British expats fully vaccinated abroad will be able to sidestep quarantine when returning to the UK under plans being drawn up by ministers.
The move would make family reunions and other leisure trips to the UK much easier for the 5.5millon or so British citizens living abroad.
An announcement confirming the policy could come as early as next week, the Mail understands.
Under new rules coming into force on Monday, fully vaccinated Britons returning to the UK from more than 140 amber list countries will be able to sidestep quarantine if their jabs were administered by the NHS.
It means British expats whose jabs were administered abroad will still have to quarantine for up to ten days on arrival, even if the vaccine they received is approved in Britain.Insurance Loans Mortgage Attorney Credit Lawyer
The move would make family reunions and other leisure trips to the UK much easier for the 5.5millon or so British citizens living abroad
Dropping that requirement could make family reunions and other important trips possible for expats only able to visit for a week or two before needing to return to where they live for work or other commitments.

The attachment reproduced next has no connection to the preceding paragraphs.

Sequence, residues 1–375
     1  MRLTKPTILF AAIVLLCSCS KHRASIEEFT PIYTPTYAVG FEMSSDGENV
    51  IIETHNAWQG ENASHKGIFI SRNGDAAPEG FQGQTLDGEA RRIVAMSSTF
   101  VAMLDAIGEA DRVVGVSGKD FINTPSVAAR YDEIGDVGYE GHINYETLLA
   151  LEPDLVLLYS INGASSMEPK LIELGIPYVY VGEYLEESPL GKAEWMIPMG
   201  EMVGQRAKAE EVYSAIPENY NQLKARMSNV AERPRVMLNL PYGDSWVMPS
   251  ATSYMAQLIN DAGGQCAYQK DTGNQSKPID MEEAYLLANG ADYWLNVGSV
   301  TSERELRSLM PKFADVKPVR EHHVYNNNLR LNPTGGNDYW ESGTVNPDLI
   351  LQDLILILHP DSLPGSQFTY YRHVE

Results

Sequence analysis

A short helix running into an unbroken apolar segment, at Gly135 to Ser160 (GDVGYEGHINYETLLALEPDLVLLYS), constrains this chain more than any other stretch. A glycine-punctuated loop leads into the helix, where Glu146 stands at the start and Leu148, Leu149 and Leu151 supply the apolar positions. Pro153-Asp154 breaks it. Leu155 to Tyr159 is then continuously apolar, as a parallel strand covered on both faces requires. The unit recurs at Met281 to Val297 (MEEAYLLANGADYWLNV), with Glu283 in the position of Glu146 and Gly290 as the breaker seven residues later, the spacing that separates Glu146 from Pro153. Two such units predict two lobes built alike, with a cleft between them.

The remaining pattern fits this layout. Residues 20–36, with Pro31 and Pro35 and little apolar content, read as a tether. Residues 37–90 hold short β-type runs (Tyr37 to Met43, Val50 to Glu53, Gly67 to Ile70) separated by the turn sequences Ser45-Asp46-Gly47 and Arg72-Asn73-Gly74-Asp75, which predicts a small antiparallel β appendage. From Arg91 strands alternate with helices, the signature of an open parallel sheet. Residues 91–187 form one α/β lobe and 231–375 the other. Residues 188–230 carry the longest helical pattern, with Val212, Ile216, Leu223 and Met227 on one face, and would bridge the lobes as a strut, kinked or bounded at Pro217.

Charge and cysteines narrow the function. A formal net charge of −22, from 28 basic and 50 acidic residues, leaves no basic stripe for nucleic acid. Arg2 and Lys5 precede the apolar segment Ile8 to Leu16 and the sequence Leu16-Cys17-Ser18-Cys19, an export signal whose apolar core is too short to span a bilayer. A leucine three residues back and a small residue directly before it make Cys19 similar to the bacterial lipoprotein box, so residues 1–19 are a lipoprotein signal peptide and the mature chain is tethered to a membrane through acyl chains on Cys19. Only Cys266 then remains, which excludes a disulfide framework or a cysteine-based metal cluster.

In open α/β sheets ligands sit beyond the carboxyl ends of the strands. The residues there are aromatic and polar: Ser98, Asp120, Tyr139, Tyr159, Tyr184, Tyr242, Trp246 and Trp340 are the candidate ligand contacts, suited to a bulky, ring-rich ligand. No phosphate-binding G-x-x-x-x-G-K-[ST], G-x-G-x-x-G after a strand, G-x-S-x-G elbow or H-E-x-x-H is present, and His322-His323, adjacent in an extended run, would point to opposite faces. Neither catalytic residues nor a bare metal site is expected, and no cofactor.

Having to self-isolate means they face having to remain in a hotel or wherever they are staying for up to ten days before being able to leave to meet with friends and family.
Britons returning from abroad can show proof that they have received both doses via the NHS app.
But it is understood one issue is that the technology needs to be adapted so foreign-administered doses can be registered on the system.
Kate Can, 28, originally from Basildon in Essex, moved to Turkey in 2014 where she now lives with husband Orcun Can, 33, and their 18-month-old daughter, Ela.
They have been unable to return to the UK since Christmas to see Mrs Can's parents in Essex.
She believes Turkey, currently on the red list, could soon return to amber as the Covid situation there has improved and said extending the side-stepping of quarantine to expats would make returning for a family reunion possible.
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Dropping that requirement could make family reunions and other important trips possible for expats only able to visit for a week or two before needing to return to where they live for work or other commitments
She said: 'It would make a huge amount of difference because we'd be able to come and immediately see family and meet up with people.